Dec 16, 2019

What is Good Cycling Cadence?

How to use bike cadence for faster and more efficient performance

In cycling, cadence is the number of times your pedals make a complete revolution in a minute. It's important to track because maintaining a high cadence can reduce fatigue and help your muscles be more effective for sprints, attacks, and the final kick. Cadence is popular in road cycling, triathlon, indoor riding, and even in spin-bike fitness classes and platforms. Despite being everywhere, it's not obvious how to interpret it — because your ideal cadence will be different depending on a number of factors. In this article, we'll take a close look at cadence and help you determine the best number for your goals.

A black-and-white photo of two road cyclists moving quickly on their bikes

The basic approach

The great thing about cadence is that it's conceptually easy to understand. The metric you see on your bike computer, sports watch, or indoor riding display is the number of times you will spin the cranks in 60-seconds based on your current rate. No complicated math or esoteric physiological data is involved.

Where cadence gets a little tricky is determining your ideal target. The general consensus among cyclists and coaches is that higher cadences, which would typically be above 85 RPM (Revolutions Per Minute), are preferable. In order to get your legs spinning that quickly, you need to ride in easier gears, often using the smaller chainring up front and a larger sprocket on your rear cassette. Because less tension is in the cranks, riding becomes more of a cardiovascular workout as opposed to a grinding muscular one.

Higher cadences are beneficial for longer endurance rides and races, as opposed to short sprint distances. So one option is to keep things simple by riding in the 85 - 105 RPM range while maintaining the same speed and power output you would hold at lower cadences. But what if you want to get even more specific and exact?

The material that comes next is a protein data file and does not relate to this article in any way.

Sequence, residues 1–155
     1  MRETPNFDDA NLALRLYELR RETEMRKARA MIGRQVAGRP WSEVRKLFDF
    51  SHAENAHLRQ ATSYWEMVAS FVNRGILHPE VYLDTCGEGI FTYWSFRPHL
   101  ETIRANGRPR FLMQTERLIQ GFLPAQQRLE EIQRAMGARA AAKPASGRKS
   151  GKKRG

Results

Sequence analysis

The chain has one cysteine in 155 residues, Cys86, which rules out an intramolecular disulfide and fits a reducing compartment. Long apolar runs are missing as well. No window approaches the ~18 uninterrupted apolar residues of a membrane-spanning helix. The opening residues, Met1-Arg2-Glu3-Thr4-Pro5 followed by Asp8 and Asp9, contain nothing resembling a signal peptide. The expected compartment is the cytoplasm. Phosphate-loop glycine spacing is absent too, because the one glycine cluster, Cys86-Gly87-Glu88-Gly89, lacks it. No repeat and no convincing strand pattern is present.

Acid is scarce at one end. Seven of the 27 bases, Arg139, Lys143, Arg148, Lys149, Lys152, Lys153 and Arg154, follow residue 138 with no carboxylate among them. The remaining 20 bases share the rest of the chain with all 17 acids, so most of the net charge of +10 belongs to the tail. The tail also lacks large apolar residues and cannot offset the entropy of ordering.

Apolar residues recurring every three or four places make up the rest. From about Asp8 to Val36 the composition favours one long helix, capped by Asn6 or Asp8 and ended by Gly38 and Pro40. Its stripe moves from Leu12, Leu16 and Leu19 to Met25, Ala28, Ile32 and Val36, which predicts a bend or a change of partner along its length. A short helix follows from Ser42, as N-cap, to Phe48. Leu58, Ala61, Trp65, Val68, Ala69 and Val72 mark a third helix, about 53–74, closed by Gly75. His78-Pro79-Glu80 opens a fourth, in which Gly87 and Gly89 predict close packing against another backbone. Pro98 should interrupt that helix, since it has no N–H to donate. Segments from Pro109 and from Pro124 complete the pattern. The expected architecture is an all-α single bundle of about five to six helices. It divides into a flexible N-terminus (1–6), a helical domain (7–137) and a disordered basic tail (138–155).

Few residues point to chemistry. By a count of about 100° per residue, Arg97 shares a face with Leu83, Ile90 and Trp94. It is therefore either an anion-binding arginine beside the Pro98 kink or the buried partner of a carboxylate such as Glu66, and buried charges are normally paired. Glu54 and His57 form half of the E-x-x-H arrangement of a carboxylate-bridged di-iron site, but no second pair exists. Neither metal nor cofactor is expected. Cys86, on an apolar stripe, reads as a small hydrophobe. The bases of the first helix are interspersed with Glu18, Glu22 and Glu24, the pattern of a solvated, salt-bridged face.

Finding your ideal cycling cadence

Cycling is a sport that's loaded with variables. Courses have varying terrain, and your cadence will tend to be higher in the flats and lower when you climb. Athletes vary quite a bit. More muscular riders may find that they perform better using lower cadences, even at endurance-length distances. Lean riders often find that they perform better using higher cadences, opting for a more aerobic efforts. However, these are not hard rules. Despite your body type, you may find that you prefer mashing over spinning, or vice versa.

...intentionally train using both higher and lower cadences.

Unlike determining your current cycling FTP, there isn't a cut-and-dry test you can execute to find your ideal cycling cadence. The best advice is to intentionally train using both higher and lower cadences. You want to develop the ability to hold high cadences for long periods of time, and you also want to keep your fast-twitch muscle fibers engaged by training in harder gears at lower cadences. Like doing cycling-specific strength training at the gym, it's important to mix it up and to remain well-rounded in your fitness.

Finding your ideal cadence largely comes down to feel, once you've adapted to training at different intensities. Why track cadence at all when it's perception based? First off, without tracking you lose the ability to precisely train at low and high cadences. Secondly, you can choose to ride by feel, but when a workout or race starts to make you tired, you can intentionally switch to maintaining a high cadence, which will be more of a workout for your heart but will keep you from deeply fatiguing your muscles.

Post-workout cadence analysis

SportTracks gives you powerful tools to create custom workouts for cadence training, and to deeply analyze your cadence data afterward. In the Training Options of your account, you can easily create custom cadence zones for cycling. You can make as many or as few zones as you like, and you can also create custom cadence zones for running, swimming, skiing, rowing and more.

You can also make custom multi-step workouts with warmup steps, targeted cadence steps, recoveries, etc. These workouts can be exported as FIT or TCX files, or if you use Garmin, they will automatically be sent to your watch or bike computer by enabling our integration. Any workout you create in your SportTracks calendar can be dragged to your Workout Library so you can easily use it again.

A screenshot of workout data from a Zwift e-race in SportTracks endurance sports training software

Speeding up while descending in Zwift to lose a competitor 9 miles into an e-race 

In your workout detail pages, you can quickly compare your cadence against other performance data from the ride, such as power, elevation, speed, VAM, and more. Clicking and dragging on this chart enables you to view custom segment details, such as a breakout chart of your cadence zones. You can also analyze heart-rate zones, power zones, and more. This screen also lets you overlay cadence data against critical power.

At its core, cycling cadence is pleasantly simple, but it's also a metric that you should always stay aware of. Intentionally train it, rely on it in races, and analyze it afterward to see how well you maintained your targeted zones, and if there were any surprises that could inform future efforts.

Article written by Sam Mallery, Director of Marketing, Zone Five Software Inc.